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Can alien students dictate university policies?

November 7, 2008

I never even have as much right over here, at the US…but see the circus going back in my home country. And I never knew that UM have had much ties with Iranian universities to begin with. I thought they preferred the Saudi Arabians. But then, Iranian students are the new cash cow so one has to keep the clients happy, though I do know quite a number of Iranians who left Iran precisely because they found the current regime stifling.

Republished from an online subscription based newspaper, Malaysiakini.com

Invite to Nobel laureate scrapped after ‘protest from students’
Oct 22, 08 7:45pm
Universiti Malaya said today it has withdrawn an invitation to Nobel peace laureate Shirin Ebadi to give a speech on Islam, because of objections from its Iranian students.

MCPX

shirin ebadiEbadi, an outspoken critic of the human rights situation in Iran, had been due to deliver a speech titled ‘Islam and Cultural Diversity’ at the university on Nov 3.

The university’s vice-chancellor Rafiah Salim denied there was pressure from the government to scrap the event and said the decision was made “out of respect for our Iranian students who were not very happy.”

“We wrote to the Foreign Ministry and sought their advice. We did not want to cancel the programme … but the ministry said we should decide in the best interests of the university,” she told AFP.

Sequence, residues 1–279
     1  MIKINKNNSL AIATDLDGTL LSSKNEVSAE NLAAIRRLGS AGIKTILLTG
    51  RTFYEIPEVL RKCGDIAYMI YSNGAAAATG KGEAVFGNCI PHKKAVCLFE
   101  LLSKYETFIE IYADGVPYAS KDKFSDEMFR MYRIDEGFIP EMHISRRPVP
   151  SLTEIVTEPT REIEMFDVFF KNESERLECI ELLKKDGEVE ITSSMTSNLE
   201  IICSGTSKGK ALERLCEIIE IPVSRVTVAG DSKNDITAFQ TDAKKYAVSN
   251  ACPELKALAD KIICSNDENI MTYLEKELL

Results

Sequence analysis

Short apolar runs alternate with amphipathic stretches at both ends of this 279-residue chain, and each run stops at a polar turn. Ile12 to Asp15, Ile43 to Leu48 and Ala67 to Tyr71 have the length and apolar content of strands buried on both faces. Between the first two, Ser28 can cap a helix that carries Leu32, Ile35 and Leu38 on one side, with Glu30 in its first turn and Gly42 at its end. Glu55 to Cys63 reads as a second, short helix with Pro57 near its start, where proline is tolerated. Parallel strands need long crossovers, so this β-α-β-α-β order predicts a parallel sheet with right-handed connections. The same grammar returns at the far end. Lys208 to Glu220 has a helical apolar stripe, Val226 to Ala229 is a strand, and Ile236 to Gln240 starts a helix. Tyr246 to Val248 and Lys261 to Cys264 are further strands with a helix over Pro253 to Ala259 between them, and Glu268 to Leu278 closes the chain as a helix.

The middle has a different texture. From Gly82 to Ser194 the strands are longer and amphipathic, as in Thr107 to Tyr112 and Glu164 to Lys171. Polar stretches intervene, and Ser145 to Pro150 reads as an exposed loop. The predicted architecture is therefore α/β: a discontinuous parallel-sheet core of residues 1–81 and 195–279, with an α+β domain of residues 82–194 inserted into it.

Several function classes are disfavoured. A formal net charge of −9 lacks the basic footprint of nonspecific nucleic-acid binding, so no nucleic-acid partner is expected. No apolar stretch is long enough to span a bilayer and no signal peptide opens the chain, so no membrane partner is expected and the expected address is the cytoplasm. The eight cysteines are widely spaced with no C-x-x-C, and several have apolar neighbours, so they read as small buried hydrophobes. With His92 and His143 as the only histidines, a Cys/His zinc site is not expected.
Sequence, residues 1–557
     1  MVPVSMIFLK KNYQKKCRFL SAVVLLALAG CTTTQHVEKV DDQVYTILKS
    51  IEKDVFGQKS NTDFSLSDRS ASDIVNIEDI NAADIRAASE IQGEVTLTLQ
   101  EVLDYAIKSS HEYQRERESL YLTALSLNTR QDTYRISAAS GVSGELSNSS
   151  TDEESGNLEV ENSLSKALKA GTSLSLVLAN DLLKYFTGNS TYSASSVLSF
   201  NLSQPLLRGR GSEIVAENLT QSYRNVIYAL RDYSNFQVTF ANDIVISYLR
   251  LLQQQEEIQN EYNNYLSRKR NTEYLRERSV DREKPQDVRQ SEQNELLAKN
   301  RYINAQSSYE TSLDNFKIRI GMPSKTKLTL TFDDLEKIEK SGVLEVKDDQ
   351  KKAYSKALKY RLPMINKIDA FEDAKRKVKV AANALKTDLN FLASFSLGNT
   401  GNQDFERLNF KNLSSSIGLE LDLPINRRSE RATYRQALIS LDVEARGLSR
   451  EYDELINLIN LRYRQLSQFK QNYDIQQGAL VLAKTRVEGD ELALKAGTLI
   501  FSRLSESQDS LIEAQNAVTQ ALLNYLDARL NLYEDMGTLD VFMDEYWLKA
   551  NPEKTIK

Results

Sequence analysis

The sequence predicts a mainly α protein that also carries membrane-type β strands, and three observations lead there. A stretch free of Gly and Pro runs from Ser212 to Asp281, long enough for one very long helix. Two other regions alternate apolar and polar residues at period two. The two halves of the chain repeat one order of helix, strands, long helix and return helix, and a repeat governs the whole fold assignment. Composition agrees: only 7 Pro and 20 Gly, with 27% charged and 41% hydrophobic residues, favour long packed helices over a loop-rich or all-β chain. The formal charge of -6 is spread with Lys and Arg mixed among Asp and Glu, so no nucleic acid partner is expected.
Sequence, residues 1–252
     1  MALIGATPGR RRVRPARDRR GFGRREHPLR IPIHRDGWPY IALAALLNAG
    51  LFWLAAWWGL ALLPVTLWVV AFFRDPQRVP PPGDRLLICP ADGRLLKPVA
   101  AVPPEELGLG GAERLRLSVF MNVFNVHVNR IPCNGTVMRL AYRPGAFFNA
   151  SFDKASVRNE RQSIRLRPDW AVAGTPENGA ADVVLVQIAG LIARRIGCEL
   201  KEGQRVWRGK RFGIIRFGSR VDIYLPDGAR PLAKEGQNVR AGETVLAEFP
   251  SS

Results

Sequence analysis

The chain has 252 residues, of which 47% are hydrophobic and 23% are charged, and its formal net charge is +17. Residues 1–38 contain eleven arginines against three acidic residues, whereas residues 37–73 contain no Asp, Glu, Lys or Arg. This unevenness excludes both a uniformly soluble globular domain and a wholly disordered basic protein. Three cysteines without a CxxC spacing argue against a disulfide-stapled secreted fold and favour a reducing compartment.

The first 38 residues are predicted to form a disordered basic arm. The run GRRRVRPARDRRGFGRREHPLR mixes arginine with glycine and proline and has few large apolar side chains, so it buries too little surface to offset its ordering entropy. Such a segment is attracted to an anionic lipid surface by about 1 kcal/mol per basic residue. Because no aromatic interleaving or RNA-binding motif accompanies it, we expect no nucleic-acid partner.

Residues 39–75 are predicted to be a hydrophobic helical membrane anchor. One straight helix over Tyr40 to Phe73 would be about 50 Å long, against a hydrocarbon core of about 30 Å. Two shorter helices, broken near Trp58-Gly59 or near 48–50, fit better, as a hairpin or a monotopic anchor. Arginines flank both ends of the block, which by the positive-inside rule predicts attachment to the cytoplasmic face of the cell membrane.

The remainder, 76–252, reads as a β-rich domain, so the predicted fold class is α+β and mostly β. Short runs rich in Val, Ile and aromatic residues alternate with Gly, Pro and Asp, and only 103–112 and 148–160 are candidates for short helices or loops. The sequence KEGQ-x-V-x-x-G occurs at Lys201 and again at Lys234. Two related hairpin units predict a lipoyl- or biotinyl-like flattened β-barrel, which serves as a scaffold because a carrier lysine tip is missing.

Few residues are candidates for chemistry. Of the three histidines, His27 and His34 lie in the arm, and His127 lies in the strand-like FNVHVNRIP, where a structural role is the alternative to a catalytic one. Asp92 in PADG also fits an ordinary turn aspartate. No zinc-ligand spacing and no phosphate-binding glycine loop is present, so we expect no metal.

“We have a lot of Iranian students here and we have good relations with Iranian universities. We did not want to create any negative consequences to those ties as well as with our students here.”

Decision not ‘politically motivated’

Ebadi, an Iranian human rights lawyer who in 2003 became the first Muslim woman to win the Nobel Peace Prize, was invited as part of a series in Malaysia and neighbouring Thailand organised by the Austrian-based International Peace Foundation (IPF).

Other speakers include fellow Nobel peace laureate President Jose-Ramos Horta of East Timor, and American civil rights activist Jesse Jackson.

Rafiah said the decision was not politically motivated and that the organisers had to “weigh the pros and cons and take into consideration the big number of Iranian students” in the country.

Ebadi heads a group of human rights lawyers who have defended many clients accused of political and security crimes.

She has said that she has faced death threats, as well as hostility from the Iranian state media and government for defending the rights of followers of the minority Baha’i religion, which is banned in Iran.

Her daughter has also been accused of apostasy, a serious crime in Iran which carries the death penalty.

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